Effects of deductions versus distribution costs

When an insurance intermediary tries to sell you a policy, he/she will have to show you the benefit statement (BI). Both the effect of deductions and the cost of distribution figures must and must be found and accurately reflected in the BI.

Most brokers don’t want to talk about the consequences of deductions because it always paints a very bleak picture of the true cost of the insurance policy. Most agents prefer to illustrate distribution costs when questioned by their prospects.

Cover the distribution costs:

– the total commission paid for the policy to the broker and his agency for the next 5 years (depending on the commission structure)

– the insurance and administration costs for taking out and preparing the policy

Consequences cover deductions:

– distribution costs (as above)

– death costs and general costs for your insurance cover

– selling fee for ILP funds (for ILP only)

– annual management fee for ILP funds (for ILP only)

– all other annual or monthly fees (for ILP only)

– also consider the opportunity cost of the fund that you could have grown if you left it in an investment with the same growth minus the costs

You should now realize that the effect of deductions is an extremely important factor to look at when choosing between Investment Linked Policies (ILP).

Some oppose the use of securities deductions as it also takes into account the opportunity cost of the fees paid and annual valuation. Some financial advisers believe that makes the numbers appear exaggerated.

My take on this is that what you save on should be included as it will help you accumulate wealth. That is essentially what the time value of money is all about.

That said, I wouldn’t recommend comparing ILP to traditional policies as ILP will look unfairly expensive. There are additional annual management fees and costs to sell the underlying funds, but at the same time there is much more upside potential by comparison. When choosing between a traditional and an ILP, one should not use the effects of deductions or distribution costs, but instead look at the product characteristics.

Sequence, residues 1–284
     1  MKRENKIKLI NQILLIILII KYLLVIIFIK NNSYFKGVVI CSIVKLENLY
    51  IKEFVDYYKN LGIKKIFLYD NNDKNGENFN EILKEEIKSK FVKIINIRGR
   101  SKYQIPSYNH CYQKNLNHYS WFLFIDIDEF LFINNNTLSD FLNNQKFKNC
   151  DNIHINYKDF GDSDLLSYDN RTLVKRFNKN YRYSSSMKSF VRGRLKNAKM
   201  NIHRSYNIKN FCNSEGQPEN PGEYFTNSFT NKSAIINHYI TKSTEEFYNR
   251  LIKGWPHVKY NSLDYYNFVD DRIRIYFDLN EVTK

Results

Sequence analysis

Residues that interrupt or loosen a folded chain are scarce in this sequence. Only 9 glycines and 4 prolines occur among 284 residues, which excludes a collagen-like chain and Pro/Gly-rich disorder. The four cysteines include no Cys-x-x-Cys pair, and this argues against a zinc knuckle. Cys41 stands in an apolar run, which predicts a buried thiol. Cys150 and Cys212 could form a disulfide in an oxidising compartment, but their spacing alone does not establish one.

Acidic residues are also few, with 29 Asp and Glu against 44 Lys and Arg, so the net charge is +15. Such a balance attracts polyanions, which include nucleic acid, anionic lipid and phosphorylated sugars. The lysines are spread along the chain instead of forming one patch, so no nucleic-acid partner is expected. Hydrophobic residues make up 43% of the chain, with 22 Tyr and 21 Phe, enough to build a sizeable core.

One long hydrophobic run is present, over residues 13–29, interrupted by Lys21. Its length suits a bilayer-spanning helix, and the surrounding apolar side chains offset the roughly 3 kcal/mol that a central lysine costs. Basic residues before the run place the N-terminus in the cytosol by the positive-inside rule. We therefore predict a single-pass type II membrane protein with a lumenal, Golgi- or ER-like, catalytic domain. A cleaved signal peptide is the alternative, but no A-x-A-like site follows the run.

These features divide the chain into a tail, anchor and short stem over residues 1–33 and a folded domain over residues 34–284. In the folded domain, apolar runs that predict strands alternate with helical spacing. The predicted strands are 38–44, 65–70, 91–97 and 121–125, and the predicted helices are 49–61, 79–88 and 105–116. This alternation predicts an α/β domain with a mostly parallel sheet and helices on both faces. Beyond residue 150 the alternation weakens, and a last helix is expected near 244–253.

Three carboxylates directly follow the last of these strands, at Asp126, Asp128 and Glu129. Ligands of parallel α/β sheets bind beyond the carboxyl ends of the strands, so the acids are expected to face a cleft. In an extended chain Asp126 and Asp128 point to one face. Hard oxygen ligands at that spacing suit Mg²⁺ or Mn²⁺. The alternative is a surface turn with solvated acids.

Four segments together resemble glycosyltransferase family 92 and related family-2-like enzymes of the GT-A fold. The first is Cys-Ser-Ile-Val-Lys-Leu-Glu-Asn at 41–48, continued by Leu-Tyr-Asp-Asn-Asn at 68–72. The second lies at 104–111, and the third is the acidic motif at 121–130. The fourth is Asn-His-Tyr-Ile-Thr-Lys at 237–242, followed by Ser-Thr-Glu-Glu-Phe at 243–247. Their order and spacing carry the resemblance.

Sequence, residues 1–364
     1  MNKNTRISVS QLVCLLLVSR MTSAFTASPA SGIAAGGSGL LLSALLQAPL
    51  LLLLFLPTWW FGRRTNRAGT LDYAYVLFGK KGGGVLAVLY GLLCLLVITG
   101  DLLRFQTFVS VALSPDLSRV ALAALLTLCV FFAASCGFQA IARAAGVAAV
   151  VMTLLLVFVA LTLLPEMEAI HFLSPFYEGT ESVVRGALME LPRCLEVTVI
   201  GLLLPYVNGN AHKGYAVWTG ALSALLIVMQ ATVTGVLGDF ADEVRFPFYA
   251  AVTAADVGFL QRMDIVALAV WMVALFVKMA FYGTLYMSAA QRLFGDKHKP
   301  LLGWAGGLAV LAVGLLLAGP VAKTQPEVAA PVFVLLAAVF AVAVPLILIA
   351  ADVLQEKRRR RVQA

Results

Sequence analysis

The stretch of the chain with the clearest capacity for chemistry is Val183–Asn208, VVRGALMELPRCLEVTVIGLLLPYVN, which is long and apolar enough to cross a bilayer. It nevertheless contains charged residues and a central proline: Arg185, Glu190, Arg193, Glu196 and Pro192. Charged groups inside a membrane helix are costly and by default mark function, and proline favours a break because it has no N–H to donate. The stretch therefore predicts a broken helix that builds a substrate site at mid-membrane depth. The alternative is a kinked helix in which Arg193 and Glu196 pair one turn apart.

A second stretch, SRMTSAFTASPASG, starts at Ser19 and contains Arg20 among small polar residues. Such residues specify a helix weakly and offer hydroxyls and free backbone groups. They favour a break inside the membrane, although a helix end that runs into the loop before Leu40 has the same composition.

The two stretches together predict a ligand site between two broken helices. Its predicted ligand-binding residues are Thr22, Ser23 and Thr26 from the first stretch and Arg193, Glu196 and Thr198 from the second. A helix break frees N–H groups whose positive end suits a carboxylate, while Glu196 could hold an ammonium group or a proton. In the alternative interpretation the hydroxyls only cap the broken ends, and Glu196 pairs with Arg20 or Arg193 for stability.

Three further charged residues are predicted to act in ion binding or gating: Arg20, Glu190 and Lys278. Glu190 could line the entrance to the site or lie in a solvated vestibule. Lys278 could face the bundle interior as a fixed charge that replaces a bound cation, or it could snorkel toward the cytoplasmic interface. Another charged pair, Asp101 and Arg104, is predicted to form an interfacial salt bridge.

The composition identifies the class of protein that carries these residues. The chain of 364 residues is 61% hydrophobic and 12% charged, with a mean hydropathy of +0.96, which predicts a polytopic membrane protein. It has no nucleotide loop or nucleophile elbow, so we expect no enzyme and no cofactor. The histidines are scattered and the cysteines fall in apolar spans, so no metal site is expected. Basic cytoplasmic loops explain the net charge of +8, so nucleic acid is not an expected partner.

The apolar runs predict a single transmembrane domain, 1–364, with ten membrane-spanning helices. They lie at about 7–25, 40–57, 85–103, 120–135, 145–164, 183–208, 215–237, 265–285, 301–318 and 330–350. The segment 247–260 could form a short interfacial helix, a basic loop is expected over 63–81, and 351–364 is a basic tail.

In short:

– If you’re just looking at investments, go straight into stocks or Unit Trusts if you don’t have a lot of money. It is pointless to go into ILP and let insurers earn the insurance coverage and be served by agents who are better at insuring than investing.

However, if I was buying insurance for my retirement and protection, I would choose an ILP over a traditional plan.

– Flexibility to withdraw money if needed

– Looking at a 20 year time frame for any given period, the stock market will definitely outperform 3-4% of a traditional policy.

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So personally I would

– use term life insurance to cover my protection needs until I am 65 or when my dependents become financially independent

– ILP for disciplined saving and growing money for my retirement needs over 20 years later. In the last 5-10 years I will move to less aggressive funds and at least 50% in bonds and fixed income.

A final caveat: Some insurers don’t charge a sales fee, but charge significantly higher annual management fees than the market to distract and confuse consumers. However, when you look at the effects of deductions, everything is taken into account and you can compare costs effectively and accurately